AFI #10 – The Wizard of Oz

Kids, we are officially into the top 10! It’s been a long journey, but there’s light at the end of the tunnel. For those of you who have been with me from #100 – Ben-Hur, thanks for sticking it out. And if you’ve enjoyed these blog posts, stay tuned. I’ve been asked to participate in a podcast that takes a look at each of the AFI top 100 movies. The first episode will be available soon. I’ll post a link as soon as it’s up.

Wizard of Oz - PosterThe Wizard of Oz

1939

Directed by Victor Fleming

Netflix says… There’s no place like home for young Dorothy (Judy Garland), who’s been swept away from her farm in Kansas to a wonderland of munchkins, flying monkeys and different-colored horses. She must follow the Yellow Brick Road to the all-knowing Wizard of Oz to find her way home. Along the way, she meets the Scarecrow (Ray Bolger), the Tin Man (Jack Haley) and the Cowardly Lion (Bert Lahr), who help her fend off the Wicked Witch of the West (Margaret Hamilton).

Get ready for this particular post to be longer than the usual AFI entry. Because The Wizard of Oz is not only one of my favorite movies of all time, it’s based on my favorite book of all time. And it’s kind of hard to believe that The Wonderful Wizard of Oz was first published nearly 40 years prior to this movie being made. Still holds up today.

Growing up, this was one of those movies that was shown on network TV annually. If I remember correctly, it came on around Easter each year. I might be off on that. But I remember it being a big deal when it came on. Because that was before they had released it on home video. And it was before Ted Turner bought the rights to show it exclusively on his cable networks. After that, it was on TV several times a month and, when it wasn’t, we could shove the VHS tape into the VCR.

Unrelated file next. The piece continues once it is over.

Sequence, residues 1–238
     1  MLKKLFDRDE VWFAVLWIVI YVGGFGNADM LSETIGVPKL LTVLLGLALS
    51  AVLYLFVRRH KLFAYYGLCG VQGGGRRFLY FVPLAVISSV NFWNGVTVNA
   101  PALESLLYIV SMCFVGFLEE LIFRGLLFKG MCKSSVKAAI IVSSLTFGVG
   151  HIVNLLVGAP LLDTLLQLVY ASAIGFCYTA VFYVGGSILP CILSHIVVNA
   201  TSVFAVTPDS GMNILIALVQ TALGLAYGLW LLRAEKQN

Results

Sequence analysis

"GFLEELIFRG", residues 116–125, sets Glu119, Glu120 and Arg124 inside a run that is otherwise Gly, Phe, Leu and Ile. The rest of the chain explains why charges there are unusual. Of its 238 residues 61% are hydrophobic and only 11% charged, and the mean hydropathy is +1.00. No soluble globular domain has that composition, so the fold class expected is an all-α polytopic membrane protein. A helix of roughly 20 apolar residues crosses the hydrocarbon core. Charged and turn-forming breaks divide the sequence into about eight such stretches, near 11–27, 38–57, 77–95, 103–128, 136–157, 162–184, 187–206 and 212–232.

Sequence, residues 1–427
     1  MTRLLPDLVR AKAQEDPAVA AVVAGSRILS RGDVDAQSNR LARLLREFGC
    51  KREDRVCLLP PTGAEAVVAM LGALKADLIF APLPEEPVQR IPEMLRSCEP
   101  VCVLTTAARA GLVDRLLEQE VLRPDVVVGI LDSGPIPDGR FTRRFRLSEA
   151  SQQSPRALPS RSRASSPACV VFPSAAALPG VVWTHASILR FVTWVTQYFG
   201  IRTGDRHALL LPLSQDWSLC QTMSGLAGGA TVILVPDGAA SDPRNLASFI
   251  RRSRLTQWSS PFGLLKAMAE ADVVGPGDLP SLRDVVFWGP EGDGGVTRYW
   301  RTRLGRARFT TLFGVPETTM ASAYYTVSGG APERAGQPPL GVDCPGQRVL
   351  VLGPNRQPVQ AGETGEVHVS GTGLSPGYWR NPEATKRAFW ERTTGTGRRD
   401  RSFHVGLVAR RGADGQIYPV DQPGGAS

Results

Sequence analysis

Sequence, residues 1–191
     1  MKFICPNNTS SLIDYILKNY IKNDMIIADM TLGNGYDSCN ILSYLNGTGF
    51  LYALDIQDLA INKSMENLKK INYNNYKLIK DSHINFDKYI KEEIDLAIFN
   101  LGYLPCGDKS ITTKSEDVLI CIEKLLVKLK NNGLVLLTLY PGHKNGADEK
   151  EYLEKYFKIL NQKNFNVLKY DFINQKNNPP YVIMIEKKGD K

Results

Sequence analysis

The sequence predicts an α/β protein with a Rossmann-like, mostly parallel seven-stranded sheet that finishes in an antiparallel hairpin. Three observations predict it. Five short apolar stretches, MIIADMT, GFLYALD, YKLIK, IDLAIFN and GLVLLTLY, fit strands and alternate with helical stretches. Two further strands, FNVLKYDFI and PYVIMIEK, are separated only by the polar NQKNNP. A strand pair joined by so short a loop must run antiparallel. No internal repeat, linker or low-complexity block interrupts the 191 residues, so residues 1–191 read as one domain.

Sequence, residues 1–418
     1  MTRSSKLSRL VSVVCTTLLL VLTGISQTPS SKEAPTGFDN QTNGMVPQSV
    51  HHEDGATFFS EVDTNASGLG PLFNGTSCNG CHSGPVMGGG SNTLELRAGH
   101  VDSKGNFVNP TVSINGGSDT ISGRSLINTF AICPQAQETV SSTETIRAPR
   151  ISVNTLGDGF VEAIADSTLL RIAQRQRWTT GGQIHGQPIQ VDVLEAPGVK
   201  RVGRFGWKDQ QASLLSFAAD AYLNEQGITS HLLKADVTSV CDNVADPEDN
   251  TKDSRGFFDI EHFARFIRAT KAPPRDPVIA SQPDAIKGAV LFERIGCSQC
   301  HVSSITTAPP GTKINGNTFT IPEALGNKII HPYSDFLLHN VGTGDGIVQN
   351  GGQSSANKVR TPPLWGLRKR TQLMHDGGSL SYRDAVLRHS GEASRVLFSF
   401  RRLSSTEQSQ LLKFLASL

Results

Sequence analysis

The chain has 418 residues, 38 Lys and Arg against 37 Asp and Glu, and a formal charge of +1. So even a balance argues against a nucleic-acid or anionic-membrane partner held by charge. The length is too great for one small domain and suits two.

I know that I’ve written more than one post about this movie in the past, either on this blog or my previous blog. So if any of what I say sounds redundant, I’m sorry. I’ve been blogging in one form or another for over a decade. Sometimes these things run together.

I question the goodness of Glinda in this movie. Which kind of makes Wicked make all the more sense. She greets Dorothy by asking if she’s a good witch or a bad witch. Dorothy says she’s not a witch at all, explaining that witches are old and ugly. Then Glinda says only bad witches are ugly. So… what are you saying about poor Dorothy’s looks?

Staying on the topic of Glinda the “good…” Her first words about Elphaba is that she’s worse than the Witch of the East. Then she reminds the witch about the ruby slippers. What makes her think it’s a good idea to magic those slippers onto Dorothy’s feet? She knows the Wicked Witch of the West wants them. She knows she’d kill to get them. So putting them on Dorothy’s feet is like painting a big old bullseye on Dorothy’s back.

Wicked WitchThen she tells Dorothy, “I’m afraid you’ve made rather a bad enemy out of the Wicked Witch of the West.” What do you mean Dorothy’s made a bad enemy out of her?! Glinda is the one who antagonized her and put Dorothy in the spotlight. “So I’m just gonna float away in my pink bubble while you go on a dangerous journey through a strange land where you’ll encounter God-knows-what! Say hi to the Wizard for me!”